What kind of battle would the Prince of Peace fight?
The battle of Armageddon is the battle to end all battles where the forces of evil will be destroyed forever. According to biblical prophecy, God will destroy in that battle the armies of the Beast and the False Prophet (Revelation 16:13-16). Then the kingdoms of this world will become: “the kingdoms of our Lord and of His Christ, and He shall reign forever and ever” (Revelation 11:15).
Many Christians believe this battle will take place in the plains of Megiddo in the Middle East. Accordingly, bible scholars have been dissecting, scrutinizing and analysing every development in the Israeli/Palestinian conflict for signs of this epic battle.
However, Jesus says: “The kingdom of God does not come with observation; nor will they say, ‘See here!’ or ‘See there!’ For indeed, the kingdom of God is within you” (Luke 17:20-21).
Prince of Peace
What kind of battle would the “Prince of Peace” fight? (Isaiah 9:6). Certainly not one with bombs and bullets! When they came to arrest Jesus, Peter drew his sword and cut off the ear of the High Priest’s servant. But Jesus rebuked him, saying: “all who take the sword will perish by the sword” (Matthew 26:52).
That means there can be no “sword fights” in the battle of Armageddon. When Jesus is shown ready for battle, the sword is not in his hand but only symbolically in his mouth (Revelation 19:15). God proclaims that men: “shall beat their swords into plowshares, and their spears into pruning hooks: nation shall not lift up sword against nation, neither shall they learn war any more” (Isaiah 2:4). He also promises: “Violence shall no longer be heard in your land, neither wasting nor destruction within your borders” (Isaiah 60:18).
Jesus cannot lead armies into bloody battles between nations when it is written: “He shall speak peace to the nations” (Zechariah 9:10). “He makes wars cease to the end of the earth; He breaks the bow and cuts the spear in two; He burns the chariot in the fire” (Psalm 46:9).
The battle within
The kingdom of God is a spiritual kingdom; therefore the battle of Armageddon must be a spiritual battle. The battle envisaged by John in Revelation is a battle of the soul. It is between the kingdom of darkness and the kingdom of light; between the flesh and the spirit; between falsehood and truth; between sin and righteousness; between death and life.
We must prevail in this battle within ourselves in order to receive “the crown of life” (Revelation 2:10). We have been fore-warned. Jesus says: “The kingdom of heaven suffers violence, and the violent take it by force” (Matthew 11:12). Jesus himself fought these battles while still in the world; he overcame by laying down his life. He says: “To him who overcomes I will grant to sit with me on my throne, as I also overcame and sat down with my Father on his throne” (Revelation 3:21).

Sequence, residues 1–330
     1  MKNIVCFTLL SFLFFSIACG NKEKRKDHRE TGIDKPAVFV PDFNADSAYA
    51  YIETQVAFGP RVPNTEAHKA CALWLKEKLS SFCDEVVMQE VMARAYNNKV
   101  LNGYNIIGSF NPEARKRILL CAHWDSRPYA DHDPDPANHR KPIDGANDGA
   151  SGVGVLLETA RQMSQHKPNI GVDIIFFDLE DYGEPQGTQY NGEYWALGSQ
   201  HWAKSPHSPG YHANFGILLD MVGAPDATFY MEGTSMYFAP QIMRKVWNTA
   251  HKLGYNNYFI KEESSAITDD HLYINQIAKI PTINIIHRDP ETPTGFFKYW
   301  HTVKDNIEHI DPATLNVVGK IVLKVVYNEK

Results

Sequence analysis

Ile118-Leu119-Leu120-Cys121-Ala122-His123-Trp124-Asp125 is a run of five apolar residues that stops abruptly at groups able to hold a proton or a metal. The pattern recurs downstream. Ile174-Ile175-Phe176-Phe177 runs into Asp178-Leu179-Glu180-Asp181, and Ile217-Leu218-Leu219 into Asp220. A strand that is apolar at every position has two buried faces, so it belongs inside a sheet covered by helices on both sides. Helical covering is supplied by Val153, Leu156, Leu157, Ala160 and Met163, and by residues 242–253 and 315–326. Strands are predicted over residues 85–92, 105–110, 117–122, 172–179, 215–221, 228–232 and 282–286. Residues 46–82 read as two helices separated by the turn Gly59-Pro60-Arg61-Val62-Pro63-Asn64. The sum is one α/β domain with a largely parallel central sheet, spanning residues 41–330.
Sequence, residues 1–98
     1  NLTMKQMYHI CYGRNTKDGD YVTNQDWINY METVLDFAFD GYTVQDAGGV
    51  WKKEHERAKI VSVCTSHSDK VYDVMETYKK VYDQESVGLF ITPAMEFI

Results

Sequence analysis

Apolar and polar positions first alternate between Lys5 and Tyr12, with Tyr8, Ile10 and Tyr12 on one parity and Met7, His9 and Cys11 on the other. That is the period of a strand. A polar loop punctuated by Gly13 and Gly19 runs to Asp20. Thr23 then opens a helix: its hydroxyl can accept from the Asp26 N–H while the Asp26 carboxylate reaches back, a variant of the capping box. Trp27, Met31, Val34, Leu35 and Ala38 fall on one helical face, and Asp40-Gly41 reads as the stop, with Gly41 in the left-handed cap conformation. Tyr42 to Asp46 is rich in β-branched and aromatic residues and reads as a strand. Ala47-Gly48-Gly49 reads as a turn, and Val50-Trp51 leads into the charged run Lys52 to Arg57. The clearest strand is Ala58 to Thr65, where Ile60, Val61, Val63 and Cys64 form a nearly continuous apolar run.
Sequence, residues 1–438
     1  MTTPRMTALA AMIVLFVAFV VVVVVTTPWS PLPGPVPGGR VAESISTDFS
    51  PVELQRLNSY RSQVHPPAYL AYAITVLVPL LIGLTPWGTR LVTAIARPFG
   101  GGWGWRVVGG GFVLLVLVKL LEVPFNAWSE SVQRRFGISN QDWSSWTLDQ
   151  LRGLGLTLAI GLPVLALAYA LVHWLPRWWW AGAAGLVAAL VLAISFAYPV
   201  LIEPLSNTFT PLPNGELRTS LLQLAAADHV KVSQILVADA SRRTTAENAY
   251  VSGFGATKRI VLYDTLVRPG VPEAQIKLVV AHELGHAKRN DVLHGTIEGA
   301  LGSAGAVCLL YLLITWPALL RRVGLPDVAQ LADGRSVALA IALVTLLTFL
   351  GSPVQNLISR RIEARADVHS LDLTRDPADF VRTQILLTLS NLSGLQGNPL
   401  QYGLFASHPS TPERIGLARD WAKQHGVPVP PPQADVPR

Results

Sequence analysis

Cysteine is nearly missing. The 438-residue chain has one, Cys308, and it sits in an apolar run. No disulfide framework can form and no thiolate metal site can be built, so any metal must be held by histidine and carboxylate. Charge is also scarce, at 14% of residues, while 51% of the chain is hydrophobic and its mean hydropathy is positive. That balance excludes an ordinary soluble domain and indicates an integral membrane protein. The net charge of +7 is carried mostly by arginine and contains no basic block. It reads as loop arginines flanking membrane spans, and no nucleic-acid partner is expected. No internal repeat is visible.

The Lord’s armies
The Lord’s armies “signified” in Revelation have no physical weapons. Instead, John says of Christ; “in righteousness he makes war” (Revelation 19:11). God’s enemies are “killed” not by the sword, but by the word of his mouth (Hosea 6:5). Isaiah says: “He shall strike the earth with the rod of his mouth, and with the breath of his lips he shall slay the wicked” (Isaiah 11:4).
God does not destroy his own children: he destroys the works of the devil in them (1 John 3:8). The “Sun of Righteousness” arises not with killing but with healing (Malachi 4:2). Jesus is not out to acquire choice real estate, either of cities or of nations. The earth itself is the Lord’s (Psalm 24:1). But Jesus is the shepherd and bishop of our souls (1 Peter 2:25). Therefore the battlefield is not the Middle East or anywhere else on earth, but the hearts and minds of men.
It is within the inner-recesses of the soul that we are to hear the hoofs of Jesus’ white horse charging into battle. It is a battle for redemption. The Lord himself is our adversary, marching to conquer all the territories of our lives and to subdue all our iniquities (Micah 7:19).
This is the kingdom dynamic: “The LORD kills and makes alive; He brings down to the grave and brings up” (1 Samuel 2:6). “He wounds, but His hands make whole” (Job 5:18). “He has torn, but He will heal us; He has stricken, but He will bind us up. After two days He will revive us; on the third day He will raise us up, that we may live in His sight” (Hosea 6:1-2).
In the battle of Armageddon, we are never victorious until we are defeated. But once defeated, we are impregnable.